In Punjab, the Holi Festival is celebrated as Hola Mohalla, on the day after holi. Nihang sikhs, a martial sect among sikhs, display their martial arts' skills in an exhibition of their prowess in various skills like horse riding, sword fighting, tent pegging, archery etc. Mock battles are held to display their fighting skills.

In Madhya Pradesh, the Holi Festival coincides with a very unique tradition, the only one to be held, in the districts of Nimar and Jhabua, in the country. This is the traditional Bhagoria Haat Festival.Haat means market and Bhagoria means to run away. This is a traditional festival in the Bhil tribes of these districts.

It is basically a marriage market where young boys and girls flock, select their partners and run away together only to come home some days later. They are then proclaimed husband and wife by the community elders. It is a very lively and colorful destival and is worth a visit.

In Uttar Pradesh, Holi Festival is called Lath Mar Festival. Lath means a Stick and Mar means to hit. In this festival, the men folk of one village are beaten by the women folk of the village they are visiting. first, the men from the village Nandgaon visit the village Barsana and are greeted with sticks by the women there. This play reverses when the men of Barsana visit the village Nandgaon and the women greet them with sticks.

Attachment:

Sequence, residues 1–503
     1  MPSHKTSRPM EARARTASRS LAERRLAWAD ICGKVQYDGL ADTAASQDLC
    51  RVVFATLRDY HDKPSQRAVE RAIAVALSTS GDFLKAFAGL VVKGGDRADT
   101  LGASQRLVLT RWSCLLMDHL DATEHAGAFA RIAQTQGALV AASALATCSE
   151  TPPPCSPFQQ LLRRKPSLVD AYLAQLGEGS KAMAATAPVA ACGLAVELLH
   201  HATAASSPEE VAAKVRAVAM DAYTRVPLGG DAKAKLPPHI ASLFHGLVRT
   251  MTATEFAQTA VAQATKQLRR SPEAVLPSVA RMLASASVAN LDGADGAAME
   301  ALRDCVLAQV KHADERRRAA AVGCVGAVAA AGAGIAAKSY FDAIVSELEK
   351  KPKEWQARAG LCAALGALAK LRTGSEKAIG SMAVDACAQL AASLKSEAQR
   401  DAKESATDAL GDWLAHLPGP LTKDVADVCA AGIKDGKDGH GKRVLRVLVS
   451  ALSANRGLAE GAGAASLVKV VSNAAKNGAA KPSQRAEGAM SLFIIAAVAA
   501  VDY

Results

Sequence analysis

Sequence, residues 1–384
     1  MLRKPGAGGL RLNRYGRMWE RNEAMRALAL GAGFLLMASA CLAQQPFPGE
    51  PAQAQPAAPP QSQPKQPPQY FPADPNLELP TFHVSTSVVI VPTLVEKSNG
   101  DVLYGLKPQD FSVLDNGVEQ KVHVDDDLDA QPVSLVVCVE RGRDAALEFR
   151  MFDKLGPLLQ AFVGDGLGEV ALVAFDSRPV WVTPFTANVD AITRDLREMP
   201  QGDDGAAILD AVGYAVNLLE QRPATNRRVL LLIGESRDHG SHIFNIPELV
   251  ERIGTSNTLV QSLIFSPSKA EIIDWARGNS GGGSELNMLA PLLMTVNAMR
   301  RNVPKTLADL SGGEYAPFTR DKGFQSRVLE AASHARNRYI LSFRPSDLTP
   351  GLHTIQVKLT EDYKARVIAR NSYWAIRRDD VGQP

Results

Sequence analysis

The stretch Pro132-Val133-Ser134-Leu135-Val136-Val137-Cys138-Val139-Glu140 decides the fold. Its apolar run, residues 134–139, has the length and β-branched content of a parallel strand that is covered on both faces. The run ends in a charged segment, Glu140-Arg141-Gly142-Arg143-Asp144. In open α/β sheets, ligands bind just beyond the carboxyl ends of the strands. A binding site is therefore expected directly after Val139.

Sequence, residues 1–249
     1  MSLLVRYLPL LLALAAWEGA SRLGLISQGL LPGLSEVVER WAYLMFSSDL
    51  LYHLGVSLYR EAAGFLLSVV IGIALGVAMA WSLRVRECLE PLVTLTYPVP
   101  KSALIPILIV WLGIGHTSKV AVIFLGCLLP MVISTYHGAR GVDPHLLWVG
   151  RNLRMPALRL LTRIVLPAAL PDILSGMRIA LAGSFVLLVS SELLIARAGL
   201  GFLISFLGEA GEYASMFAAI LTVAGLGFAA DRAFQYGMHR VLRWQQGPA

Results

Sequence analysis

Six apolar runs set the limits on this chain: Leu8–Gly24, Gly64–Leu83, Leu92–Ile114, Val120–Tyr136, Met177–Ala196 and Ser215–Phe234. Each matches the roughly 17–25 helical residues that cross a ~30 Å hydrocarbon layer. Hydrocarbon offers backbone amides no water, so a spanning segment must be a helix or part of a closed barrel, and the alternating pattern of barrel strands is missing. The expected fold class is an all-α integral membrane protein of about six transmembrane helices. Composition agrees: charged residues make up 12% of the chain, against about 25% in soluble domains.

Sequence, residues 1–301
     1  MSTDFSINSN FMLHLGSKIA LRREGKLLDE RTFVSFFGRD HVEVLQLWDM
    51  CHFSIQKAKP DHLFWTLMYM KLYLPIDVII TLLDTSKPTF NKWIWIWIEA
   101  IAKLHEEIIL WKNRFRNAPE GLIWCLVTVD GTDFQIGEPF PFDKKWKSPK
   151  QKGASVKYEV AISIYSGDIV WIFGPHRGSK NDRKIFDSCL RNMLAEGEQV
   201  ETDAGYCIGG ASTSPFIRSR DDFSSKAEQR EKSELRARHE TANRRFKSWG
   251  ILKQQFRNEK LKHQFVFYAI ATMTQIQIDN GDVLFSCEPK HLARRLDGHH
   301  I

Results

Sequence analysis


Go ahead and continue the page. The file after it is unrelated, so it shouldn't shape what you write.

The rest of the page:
All this is done in the tradition of Lord Krishna who visited the village of his beloved Radha to playfully tease her and her friends, only to get chased away by her friends who took offence to this.
All these activities are pure mirth and extremely colorful. Thandai, a cold beverage made with sugar, milk and often laced with Bhang, an intoxicant, is used freely in these celebrations.

Holi In Bollywood

Songs have essentially been a part of holi celebrations and Bollywood hasn't lagged far behind in portraying holi scenes and songs in many movies.

The video clip below is from a very popular film 'Silsila' in which the actor Amitabh Bachan can be seen in a song sung by him. The lyrics of this song are penned by his illustrious poet father, Harvansh Rai Bachan.

Holi Recipe - Puran Poli - Indian Sweet Flatbread

Holi Recipe - Homemade Thandai Recipe

Holi Recipes Links

More Articles By The Author Below

© 2012 Rajan Singh Jolly

Comments

Rajan Singh Jolly (author) from From Mumbai, presently in Jalandhar, INDIA. on July 16, 2017:

Robert I am glad the information has been helpful. Thank you.

Robert Sacchi on July 16, 2017:

Thanks again for the background on an Indian festival. I use to work for a company based in Mumbai and one of the women who worked at the main office but came to the U.S. temporarily talked about the festival. The company's web site also posted some pictures. Now I understand the meaning of the festival better.

Rajan Singh Jolly (author) from From Mumbai, presently in Jalandhar, INDIA. on March 19, 2016:

Thanks for appreciating this holi festival information John.

John Hansen from Queensland Australia on March 18, 2016:

Excellent hub Rajan. It was very interesting to read about the traditions of the Holiday festival in various parts of India. Thanks for resharing.

Rajan Singh Jolly (author) from From Mumbai, presently in Jalandhar, INDIA. on March 27, 2013: